If LeBron James were to depart from the Miami Heat, his predetermined destination, as determined by those who know little of his life, would be Cleveland.
As stated before, righting wrongs and all of that other sappy stuff plays a part in that belief. But seeing as James left Cleveland once before already, it would be quite the sight to see LeBron win a few titles in Miami only to grow weary of winning and then take his chances on a completely different Cleveland team.
Cleveland has been gifted with several bounces gone their way in the lottery. They received the number one and four picks in 2011, the number four pick in 2012 and most recently the number one pick (seriously) again. As a result, they've built up a solid team through the draft, heralded by Kyrie Irving, Tristan Thompson, Dion Waiters and Anthony Bennett, who will make his debut this season.
Suddenly, the Cavaliers have a desirable roster to play with. Throw in a healthy Andrew Bynum and you have a team that's probably going to end up making the postseason. They won't be a championship threat, but they've made great strides since winning 19 games the year after LeBron went to heat it up in Miami.
The main reason why there is speculation of LeBron leaving is due to the health and aging process of Dwyane Wade. The 31-year-old Wade has limped into the Finals these past two years, dealing with nagging knee injuries that have ended up forcing a heavier burden on LeBron and the rest of the team.
Wade recently averaged a mere 16 points on 46 percent shooting, 4.8 assists and 4.6 rebounds per game in the past postseason. Those are the lowest numbers of his postseason career, even lower than his rookie season numbers.
Naturally, everyone assumes Wade is done for, even though he's still putting together stretches like he did in the final four games of the NBA Finals, where he scored at least 23 points in all but one game.
I've learned from watching Wade that although he may appear lackadaisical at moments, he still comes through when needed most.
He had 23 points and 10 rebounds in the Game 7 clincher against San Antonio, 32 points, six rebounds, six steals and four assists in a crucial Game 4 road win in the same series and dropped 21 points and nine rebounds in the Game 7 clincher of the previous series against Indiana.
There are times where you worry about Wade, but he constantly comes through when needed. He also had a strong 18 points, six assists and five rebounds in the Game 5 clincher against Chicago; a game where LeBron struggled with his shot.
The biggest knock on Wade's game has been his proneness to injuries. But how is it any different from what Kyrie Irving has been through, missing 54 games in first two NBA seasons and an injury-plagued year in college? Andrew Bynum, too, only has one season of more than 65 games played in an eight-year career.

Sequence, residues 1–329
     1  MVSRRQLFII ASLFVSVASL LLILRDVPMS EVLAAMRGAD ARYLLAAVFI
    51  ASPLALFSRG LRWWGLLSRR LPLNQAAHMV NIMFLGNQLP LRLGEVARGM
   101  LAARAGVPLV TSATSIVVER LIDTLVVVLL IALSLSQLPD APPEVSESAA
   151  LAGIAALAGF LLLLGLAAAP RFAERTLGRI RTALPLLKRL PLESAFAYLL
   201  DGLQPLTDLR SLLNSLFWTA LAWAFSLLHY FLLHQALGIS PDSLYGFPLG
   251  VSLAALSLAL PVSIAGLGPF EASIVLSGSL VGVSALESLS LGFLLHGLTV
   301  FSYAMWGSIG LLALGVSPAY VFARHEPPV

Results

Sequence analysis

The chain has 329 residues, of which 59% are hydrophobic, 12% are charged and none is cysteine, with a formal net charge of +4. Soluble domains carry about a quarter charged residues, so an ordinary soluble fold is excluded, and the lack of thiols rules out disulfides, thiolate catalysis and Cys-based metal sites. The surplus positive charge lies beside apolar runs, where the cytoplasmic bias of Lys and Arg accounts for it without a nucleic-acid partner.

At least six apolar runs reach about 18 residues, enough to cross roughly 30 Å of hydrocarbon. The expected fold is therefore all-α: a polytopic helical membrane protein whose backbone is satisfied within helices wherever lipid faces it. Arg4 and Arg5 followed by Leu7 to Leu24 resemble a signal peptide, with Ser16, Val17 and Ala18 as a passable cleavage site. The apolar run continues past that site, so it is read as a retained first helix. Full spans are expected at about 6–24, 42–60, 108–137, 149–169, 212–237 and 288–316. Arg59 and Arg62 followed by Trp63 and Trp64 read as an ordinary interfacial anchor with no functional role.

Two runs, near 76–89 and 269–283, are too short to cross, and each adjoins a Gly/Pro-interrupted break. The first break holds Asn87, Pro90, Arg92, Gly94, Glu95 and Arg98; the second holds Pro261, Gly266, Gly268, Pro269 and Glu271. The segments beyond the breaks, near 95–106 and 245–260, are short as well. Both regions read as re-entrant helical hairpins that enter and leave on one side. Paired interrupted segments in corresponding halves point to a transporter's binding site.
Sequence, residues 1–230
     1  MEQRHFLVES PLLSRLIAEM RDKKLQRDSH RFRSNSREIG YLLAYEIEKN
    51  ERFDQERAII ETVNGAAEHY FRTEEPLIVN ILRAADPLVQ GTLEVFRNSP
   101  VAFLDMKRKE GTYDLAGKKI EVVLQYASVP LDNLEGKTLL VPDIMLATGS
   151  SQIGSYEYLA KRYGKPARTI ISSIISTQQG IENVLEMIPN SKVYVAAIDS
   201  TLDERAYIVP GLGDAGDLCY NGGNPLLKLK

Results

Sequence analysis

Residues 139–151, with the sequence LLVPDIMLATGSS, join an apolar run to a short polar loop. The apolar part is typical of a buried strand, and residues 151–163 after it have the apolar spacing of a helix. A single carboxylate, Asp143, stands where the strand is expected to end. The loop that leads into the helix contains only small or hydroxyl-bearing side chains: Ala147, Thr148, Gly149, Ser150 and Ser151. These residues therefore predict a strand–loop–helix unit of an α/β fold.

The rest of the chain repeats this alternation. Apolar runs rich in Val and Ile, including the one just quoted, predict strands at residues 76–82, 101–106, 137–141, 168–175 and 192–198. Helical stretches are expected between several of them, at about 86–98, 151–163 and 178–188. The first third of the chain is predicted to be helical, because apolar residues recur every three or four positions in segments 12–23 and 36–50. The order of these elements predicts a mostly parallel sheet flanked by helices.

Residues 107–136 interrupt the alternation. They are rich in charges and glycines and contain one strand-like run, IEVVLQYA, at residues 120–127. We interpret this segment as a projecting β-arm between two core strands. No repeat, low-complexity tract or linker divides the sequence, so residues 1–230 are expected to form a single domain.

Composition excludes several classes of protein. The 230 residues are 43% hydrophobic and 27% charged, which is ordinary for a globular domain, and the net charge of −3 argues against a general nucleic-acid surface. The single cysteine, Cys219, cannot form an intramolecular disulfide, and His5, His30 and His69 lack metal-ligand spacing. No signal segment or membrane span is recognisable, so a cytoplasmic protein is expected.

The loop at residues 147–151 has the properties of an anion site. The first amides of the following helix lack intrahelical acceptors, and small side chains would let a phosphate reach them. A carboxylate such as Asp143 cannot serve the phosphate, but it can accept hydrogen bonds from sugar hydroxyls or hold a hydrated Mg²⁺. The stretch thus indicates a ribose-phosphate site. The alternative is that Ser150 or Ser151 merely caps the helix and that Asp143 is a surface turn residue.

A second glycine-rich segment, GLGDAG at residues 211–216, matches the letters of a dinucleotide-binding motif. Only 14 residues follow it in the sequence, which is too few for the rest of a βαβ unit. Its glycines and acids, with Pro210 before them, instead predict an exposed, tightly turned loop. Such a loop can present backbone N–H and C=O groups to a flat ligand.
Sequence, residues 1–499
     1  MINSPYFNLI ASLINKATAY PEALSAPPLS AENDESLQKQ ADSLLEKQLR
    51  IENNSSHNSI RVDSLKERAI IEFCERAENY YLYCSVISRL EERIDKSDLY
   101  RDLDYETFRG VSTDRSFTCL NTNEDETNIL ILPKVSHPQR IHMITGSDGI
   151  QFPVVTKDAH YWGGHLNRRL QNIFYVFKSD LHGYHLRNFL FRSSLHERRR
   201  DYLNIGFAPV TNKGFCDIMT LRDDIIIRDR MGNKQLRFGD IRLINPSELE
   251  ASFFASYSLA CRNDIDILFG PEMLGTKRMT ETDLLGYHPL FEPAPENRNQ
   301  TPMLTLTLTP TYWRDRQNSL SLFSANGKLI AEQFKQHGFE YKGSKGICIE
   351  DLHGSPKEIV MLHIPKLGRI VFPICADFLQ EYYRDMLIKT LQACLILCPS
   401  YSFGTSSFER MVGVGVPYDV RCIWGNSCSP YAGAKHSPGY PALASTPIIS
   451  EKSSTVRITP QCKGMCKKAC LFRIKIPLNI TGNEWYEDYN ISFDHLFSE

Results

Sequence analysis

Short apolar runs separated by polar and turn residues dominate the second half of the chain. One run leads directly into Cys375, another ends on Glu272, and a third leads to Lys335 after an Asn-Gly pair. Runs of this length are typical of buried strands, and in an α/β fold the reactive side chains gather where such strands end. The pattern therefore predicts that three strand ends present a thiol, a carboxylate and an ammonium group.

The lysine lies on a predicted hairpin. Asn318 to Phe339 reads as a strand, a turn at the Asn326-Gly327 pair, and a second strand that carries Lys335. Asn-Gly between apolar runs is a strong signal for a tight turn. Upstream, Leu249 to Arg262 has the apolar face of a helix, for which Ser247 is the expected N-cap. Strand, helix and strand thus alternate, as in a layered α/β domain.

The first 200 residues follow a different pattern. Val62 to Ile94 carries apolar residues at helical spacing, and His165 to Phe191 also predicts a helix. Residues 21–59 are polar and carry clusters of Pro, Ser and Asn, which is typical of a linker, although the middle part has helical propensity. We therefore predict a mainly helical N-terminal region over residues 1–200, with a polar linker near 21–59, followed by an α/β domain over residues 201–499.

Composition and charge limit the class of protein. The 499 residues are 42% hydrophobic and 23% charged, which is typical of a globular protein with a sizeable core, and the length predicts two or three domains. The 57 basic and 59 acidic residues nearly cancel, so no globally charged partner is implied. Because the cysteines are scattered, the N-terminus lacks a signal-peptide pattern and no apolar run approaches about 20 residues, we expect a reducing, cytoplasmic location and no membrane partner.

The only difference is LeBron's going from playing with people he's established close friendships with, to a nearly foreign environment in terms of the roster and coaching staff. Yeah, Kyrie is young, but couldn't injuries this early in his career foreshadow a career that will be plagued with injuries?
Oh, and let's just keep forgetting that Chris Bosh exists.
He's only coming off the best shooting year of his career. If there's a bigger role he could fill with the Heat, he, like everyone else on the Heat roster, would step into that position.
The main reason why LeBron isn't leaving Miami is simply because of the publicity and unnecessary attention it would bring to his life. He'll deal with criticism, including claims that he used up Miami for its talent only to bolt for a younger team, even if that younger team is the one he originally scorned.
LeBron has enjoyed the low profile he's taken on, at least off-court, because he still draws plenty of attention for what he does on the court. A departure back to Cleveland would only draw criticism and bring back memories of 2010 when LeBron was looked at as a quitter or traitor.
As for the talk of Cleveland being his hometown and whatnot, he already played there. For seven years. What more does he owe the city and franchise? He gave seven extraordinary, historic years of basketball to that city.
Even if they don't have a championship to show for it, they have memories of watching the best basketball ever played by someone in a Cleveland uniform.
LeBron is doing what he came to Miami to do: win championships. He's not going to leave that behind because his two All-Star teammates are aging on a yearly basis. He was aware when joining the team that it takes the Earth 365 days to revolve around the Sun and that Wade and Bosh would get older.
The criticism on Wade has been blown up. We'll hear plenty about his injuries and unbalanced play, but won't hear how incredible he was during Miami's 27-game winning streak or that he just shot a career-high 52 percent from the field.
Wade has become the perfect complement to LeBron. Does that happen with a young Kyrie Irving? Does he tell LeBron, "Sure you can be the primary option. I know it's the best years of my basketball career I'm sacrificing here, but go on ahead?"
LeBron has already, willingly, been given the reins in Miami. He doesn't want to go through that trial-and-error process again. He wants to continue being the undisputed number one option without having to go through the process of learning how to play with a new team and new players.
LeBron has learned to play outside of his comfort zone with Miami, but does he want to go completely out of his comfort zone to play with another team?
Even though he's winning more than ever before and still has an arsenal of NBA champions by his side?
Didn't think so.